Von Hippel-Lindau syndrome is an inherited disorder characterized by the formation of tumors and fluid-filled sacs (cysts) in many different parts of the body. Tumors may be either noncancerous or cancerous and usually appear during young adulthood; however, the signs and symptoms of von Hippel-Lindau syndrome can occur throughout life.
Tumors called hemangioblastomas are characteristic of von Hippel-Lindau syndrome. These growths are made of newly formed blood vessels and are typically noncancerous. Hemangioblastomas that develop in the brain and spinal cord can cause headaches, vomiting, weakness, and a loss of muscle coordination (ataxia). Hemangioblastomas can also occur in the light-sensitive tissue that lines the back of the eye (the retina). These tumors, which are also called retinal angiomas, may cause vision loss.
People with von Hippel-Lindau syndrome commonly develop cysts in the kidneys, pancreas, and male genital tract. They are also at an increased risk of developing a type of kidney cancer called clear cell renal cell carcinoma and a type of noncancerous tumor called a pheochromocytoma. Pheochromocytomas affect the adrenal glands, which are small hormone-producing glands located on top of each kidney. These tumors often cause no symptoms, but in some cases they can produce an excess of hormones that cause dangerously high blood pressure.
About 10 percent of people with von Hippel-Lindau syndrome develop endolymphatic sac tumors, which are noncancerous tumors in the inner ear. These growths can cause hearing loss in one or both ears, as well as ringing in the ears (tinnitus) and problems with balance.
Von Hippel-Lindau syndrome can be divided into two major types based on the risk of developing pheochromocytomas. Type 1 von Hippel-Lindau syndrome is associated with a low risk of these tumors, and type 2 is characterized by a much higher risk. Type 2 can be further divided into types 2A, 2B, and 2C, depending on the probability of developing renal cell carcinoma and hemangioblastomas.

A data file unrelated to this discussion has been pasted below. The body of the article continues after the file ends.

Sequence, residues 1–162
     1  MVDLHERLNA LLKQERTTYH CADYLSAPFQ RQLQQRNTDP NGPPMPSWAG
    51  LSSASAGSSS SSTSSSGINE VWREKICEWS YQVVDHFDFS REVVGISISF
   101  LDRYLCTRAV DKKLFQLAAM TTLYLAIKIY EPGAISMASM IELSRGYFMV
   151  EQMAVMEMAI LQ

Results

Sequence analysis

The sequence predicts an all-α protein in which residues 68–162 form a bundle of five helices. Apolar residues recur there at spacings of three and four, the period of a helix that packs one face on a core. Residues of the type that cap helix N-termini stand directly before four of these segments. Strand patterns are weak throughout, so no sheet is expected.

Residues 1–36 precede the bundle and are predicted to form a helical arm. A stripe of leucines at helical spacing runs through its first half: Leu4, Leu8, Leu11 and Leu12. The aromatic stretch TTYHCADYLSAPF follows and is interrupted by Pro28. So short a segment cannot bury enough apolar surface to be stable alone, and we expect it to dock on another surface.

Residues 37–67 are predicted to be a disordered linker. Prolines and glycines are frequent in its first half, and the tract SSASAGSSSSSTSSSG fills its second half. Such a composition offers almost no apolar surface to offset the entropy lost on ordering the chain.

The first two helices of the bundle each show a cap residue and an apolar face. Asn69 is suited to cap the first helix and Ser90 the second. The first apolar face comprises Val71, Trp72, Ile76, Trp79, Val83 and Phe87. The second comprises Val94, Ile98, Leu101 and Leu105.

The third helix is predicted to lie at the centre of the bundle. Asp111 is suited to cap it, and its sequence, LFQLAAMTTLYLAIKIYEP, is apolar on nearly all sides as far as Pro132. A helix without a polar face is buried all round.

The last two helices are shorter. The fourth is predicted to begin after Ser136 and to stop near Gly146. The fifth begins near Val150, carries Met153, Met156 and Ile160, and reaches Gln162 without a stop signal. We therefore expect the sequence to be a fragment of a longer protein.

The incidence of von Hippel-Lindau syndrome is estimated to be 1 in 36,000 individuals.
Mutations in the VHL gene cause von Hippel-Lindau syndrome. The VHL gene is a tumor suppressor gene, which means it keeps cells from growing and dividing too rapidly or in an uncontrolled way. Mutations in this gene prevent production of the VHL protein or lead to the production of an abnormal version of the protein. An altered or missing VHL protein cannot effectively regulate cell survival and division. As a result, cells grow and divide uncontrollably to form the tumors and cysts that are characteristic of von Hippel-Lindau syndrome.
Read more about the VHL gene.
Mutations in the VHL gene are inherited in an autosomal dominant pattern, which means that one copy of the altered gene in each cell is sufficient to increase the risk of developing tumors and cysts. Most people with von Hippel-Lindau syndrome inherit an altered copy of the gene from an affected parent. In about 20 percent of cases, however, the altered gene is the result of a new mutation that occurred during the formation of reproductive cells (eggs or sperm) or very early in development.
Unlike most autosomal dominant conditions, in which one altered copy of a gene in each cell is sufficient to cause the disorder, two copies of the VHL gene must be altered to trigger tumor and cyst formation in von Hippel-Lindau syndrome. A mutation in the second copy of the VHL gene occurs during a person's lifetime in certain cells within organs such as the brain, retina, and kidneys. Cells with two altered copies of this gene make no functional VHL protein, which allows tumors and cysts to develop. Almost everyone who inherits one VHL mutation will eventually acquire a mutation in the second copy of the gene in some cells, leading to the features of von Hippel-Lindau syndrome.
These resources address the management of von Hippel-Lindau syndrome and may include treatment providers.
You might also find information on treatment of von Hippel-Lindau syndrome in
Educational resources and Patient support.
You may find the following resources about von Hippel-Lindau syndrome helpful. These materials are written for the general public.
You may also be interested in these resources, which are designed for healthcare professionals and researchers.
- Angiomatosis retinae
- Cerebelloretinal Angiomatosis, Familial
- Hippel-Lindau Disease
- VHL syndrome
- von Hippel-Lindau Disease
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